No architecture has existed since 1700. A moronic mixture of the most various stylistic elements used to mask the skeletons of modern houses is called modern architecture. The new beauty of cement and iron are profaned by the superimposition of motley decorative incrustations that cannot be justified either by constructive necessity or by our (modern) taste, and whose origins are in Egyptian, Indian or Byzantine antiquity and in that idiotic flowering of stupidity and impotence that took the name of neoclassicism.

These architectonic prostitutions are welcomed in Italy, and rapacious alien ineptitude is passed off as talented invention and as extremely up-to-date architecture. Young Italian architects (those who borrow originality from clandestine and compulsive devouring of art journals) flaunt their talents in the new quarters of our towns, where a hilarious salad of little ogival columns, seventeenth-century foliation, Gothic pointed arches, Egyptian pilasters, rococo scrolls, fifteenth-century cherubs, swollen caryatids, take the place of style in all seriousness, and presumptuously put on monumental airs. The kaleidoscopic appearance and reappearance of forms, the multiplying of machinery, the daily increasing needs imposed by the speed of communications, by the concentration of population, by hygiene, and by a hundred other phenomena of modern life, never cause these self-styled renovators of architecture a moment’s perplexity or hesitation. They persevere obstinately with the rules of Vitruvius, Vignola and Sansovino plus gleanings from any published scrap of information on German architecture that happens to be at hand. Using these, they continue to stamp the image of imbecility on our cities, our cities which should be the immediate and faithful projection of ourselves.

And so this expressive and synthetic art has become in their hands a vacuous stylistic exercise, a jumble of ill-mixed formulae to disguise a run-of-the-mill traditionalist box of bricks and stone as a modern building. As if we who are accumulators and generators of movement, with all our added mechanical limbs, with all the noise and speed of our life, could live in streets built for the needs of men four, five or six centuries ago.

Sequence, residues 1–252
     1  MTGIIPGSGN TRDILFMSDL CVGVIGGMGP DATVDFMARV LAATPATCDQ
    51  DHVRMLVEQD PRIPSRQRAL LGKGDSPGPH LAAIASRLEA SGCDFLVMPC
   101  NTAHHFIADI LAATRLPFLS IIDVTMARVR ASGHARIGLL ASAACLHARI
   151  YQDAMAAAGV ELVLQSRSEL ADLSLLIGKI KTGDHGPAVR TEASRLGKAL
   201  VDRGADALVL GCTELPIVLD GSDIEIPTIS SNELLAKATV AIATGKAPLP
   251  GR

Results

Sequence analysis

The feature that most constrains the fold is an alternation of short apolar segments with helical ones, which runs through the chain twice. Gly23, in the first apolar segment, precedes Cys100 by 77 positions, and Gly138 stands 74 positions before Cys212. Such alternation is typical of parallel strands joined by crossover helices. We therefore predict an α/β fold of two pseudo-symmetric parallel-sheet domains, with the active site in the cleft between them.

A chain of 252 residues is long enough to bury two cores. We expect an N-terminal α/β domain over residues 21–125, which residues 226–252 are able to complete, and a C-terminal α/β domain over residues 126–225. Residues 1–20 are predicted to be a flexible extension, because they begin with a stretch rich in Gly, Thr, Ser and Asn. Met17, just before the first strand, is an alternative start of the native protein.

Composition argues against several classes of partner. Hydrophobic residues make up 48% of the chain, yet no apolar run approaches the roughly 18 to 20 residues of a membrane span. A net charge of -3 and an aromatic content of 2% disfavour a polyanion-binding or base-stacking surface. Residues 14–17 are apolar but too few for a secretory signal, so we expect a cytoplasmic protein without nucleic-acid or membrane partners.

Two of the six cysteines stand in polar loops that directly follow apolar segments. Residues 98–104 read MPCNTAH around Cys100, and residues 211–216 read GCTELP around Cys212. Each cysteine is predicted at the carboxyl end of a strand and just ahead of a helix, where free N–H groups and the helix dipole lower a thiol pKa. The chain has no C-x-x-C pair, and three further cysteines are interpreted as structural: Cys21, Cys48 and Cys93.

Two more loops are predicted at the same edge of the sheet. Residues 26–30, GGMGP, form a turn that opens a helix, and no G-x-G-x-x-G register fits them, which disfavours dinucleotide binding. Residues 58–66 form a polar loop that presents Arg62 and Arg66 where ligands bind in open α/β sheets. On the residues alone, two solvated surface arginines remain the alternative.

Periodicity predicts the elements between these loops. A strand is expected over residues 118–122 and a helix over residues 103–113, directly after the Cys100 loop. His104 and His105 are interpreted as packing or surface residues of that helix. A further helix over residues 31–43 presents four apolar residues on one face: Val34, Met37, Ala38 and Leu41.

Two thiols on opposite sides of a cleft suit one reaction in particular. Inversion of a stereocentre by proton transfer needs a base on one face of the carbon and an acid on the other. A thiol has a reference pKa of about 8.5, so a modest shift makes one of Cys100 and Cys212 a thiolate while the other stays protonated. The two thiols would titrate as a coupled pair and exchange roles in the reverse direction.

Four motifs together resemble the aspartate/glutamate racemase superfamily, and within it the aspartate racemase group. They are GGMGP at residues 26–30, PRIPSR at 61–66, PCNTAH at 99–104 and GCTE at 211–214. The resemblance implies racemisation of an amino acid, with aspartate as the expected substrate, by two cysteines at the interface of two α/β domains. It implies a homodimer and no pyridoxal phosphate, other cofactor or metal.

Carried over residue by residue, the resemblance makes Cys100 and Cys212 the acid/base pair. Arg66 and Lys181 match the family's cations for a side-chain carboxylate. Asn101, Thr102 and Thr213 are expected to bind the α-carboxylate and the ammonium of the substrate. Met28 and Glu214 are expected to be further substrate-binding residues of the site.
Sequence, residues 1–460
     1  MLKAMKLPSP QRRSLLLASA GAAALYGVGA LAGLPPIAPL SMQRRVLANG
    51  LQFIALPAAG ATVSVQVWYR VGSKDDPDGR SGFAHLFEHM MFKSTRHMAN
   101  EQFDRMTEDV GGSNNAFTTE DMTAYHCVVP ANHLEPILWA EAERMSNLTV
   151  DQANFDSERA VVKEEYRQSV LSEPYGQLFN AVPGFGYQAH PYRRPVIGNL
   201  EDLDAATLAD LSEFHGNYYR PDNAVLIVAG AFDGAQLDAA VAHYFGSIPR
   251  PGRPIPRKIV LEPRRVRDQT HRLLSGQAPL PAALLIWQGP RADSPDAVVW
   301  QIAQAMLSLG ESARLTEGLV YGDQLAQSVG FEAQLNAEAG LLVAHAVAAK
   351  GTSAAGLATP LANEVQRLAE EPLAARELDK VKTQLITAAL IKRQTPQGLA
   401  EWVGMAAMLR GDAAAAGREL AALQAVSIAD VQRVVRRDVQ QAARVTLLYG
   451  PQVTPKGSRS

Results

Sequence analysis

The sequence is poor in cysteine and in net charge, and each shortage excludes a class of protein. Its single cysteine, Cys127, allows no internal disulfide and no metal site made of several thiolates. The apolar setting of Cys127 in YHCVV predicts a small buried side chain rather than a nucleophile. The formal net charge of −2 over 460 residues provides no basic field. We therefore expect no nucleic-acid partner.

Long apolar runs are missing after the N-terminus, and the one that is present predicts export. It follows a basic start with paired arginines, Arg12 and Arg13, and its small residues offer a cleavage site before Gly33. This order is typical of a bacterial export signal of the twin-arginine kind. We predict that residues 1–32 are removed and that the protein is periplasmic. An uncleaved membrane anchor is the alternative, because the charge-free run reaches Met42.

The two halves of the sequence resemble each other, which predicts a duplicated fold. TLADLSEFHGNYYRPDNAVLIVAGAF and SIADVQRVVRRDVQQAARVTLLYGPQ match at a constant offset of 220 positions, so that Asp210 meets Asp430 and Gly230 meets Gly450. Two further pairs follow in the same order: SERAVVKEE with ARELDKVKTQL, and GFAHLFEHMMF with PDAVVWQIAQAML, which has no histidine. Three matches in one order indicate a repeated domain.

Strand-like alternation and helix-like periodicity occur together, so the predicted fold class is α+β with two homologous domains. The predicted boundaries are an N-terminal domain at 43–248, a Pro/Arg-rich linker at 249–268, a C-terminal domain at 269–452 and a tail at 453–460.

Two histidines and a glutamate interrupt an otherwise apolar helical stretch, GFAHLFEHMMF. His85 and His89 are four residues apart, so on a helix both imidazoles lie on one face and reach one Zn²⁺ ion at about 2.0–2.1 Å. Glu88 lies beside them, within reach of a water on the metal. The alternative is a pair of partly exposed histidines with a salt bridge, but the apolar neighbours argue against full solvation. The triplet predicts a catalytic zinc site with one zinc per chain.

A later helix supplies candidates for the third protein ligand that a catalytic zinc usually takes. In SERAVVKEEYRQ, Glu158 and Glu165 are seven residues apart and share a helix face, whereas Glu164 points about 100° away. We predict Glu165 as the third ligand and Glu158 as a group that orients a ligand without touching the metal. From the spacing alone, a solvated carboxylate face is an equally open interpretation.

This is the supreme imbecility of modern architecture, perpetuated by the venal complicity of the academies, the internment camps of the intelligentsia, where the young are forced into the onanistic recopying of classical models instead of throwing their minds open in the search for new frontiers and in the solution of the new and pressing problem: the Futurist house and city. The house and the city that are ours both spiritually and materially, in which our tumult can rage without seeming a grotesque anachronism.

The problem posed in Futurist architecture is not one of linear rearrangement. It is not a question of finding new moldings and frames for windows and doors, of replacing columns, pilasters and corbels with caryatids, flies and frogs. Neither has it anything to do with leaving a façade in bare brick, or plastering it, or facing it with stone or in determining formal differences between the new building and the old one. It is a question of tending the healthy growth of the Futurist house, of constructing it with all the resources of technology and science, satisfying magisterially all the demands of our habits and our spirit, trampling down all that is grotesque and antithetical (tradition, style, aesthetics, proportion), determining new forms, new lines, a new harmony of profiles and volumes, an architecture whose reason for existence can be found solely in the unique conditions of modern life, and in its correspondence with the aesthetic values of our sensibilities. This architecture cannot be subjected to any law of historical continuity. It must be new, just as our state of mind is new.

The art of construction has been able to evolve with time, and to pass from one style to another, while maintaining unaltered the general characteristics of architecture, because in the course of history changes of fashion are frequent and are determined by the alternations of religious conviction and political disposition. But profound changes in the state of the environment are extremely rare, changes that unhinge and renew, such as the discovery of natural laws, the perfecting of mechanical means, the rational and scientific use of material. In modern life the process of stylistic development in architecture has been brought to a halt. Architecture now makes a break with tradition. It must perforce make a fresh start.

Calculations based on the resistance of materials, on the use of reinforced concrete and steel, exclude “architecture” in the classical and traditional sense. Modern constructional materials and scientific concepts are absolutely incompatible with the disciplines of historical styles, and are the principal cause of the grotesque appearance of “fashionable” buildings in which attempts are made to employ the lightness, the superb grace of the steel beam, the delicacy of reinforced concrete, in order to obtain the heavy curve of the arch and the bulkiness of marble.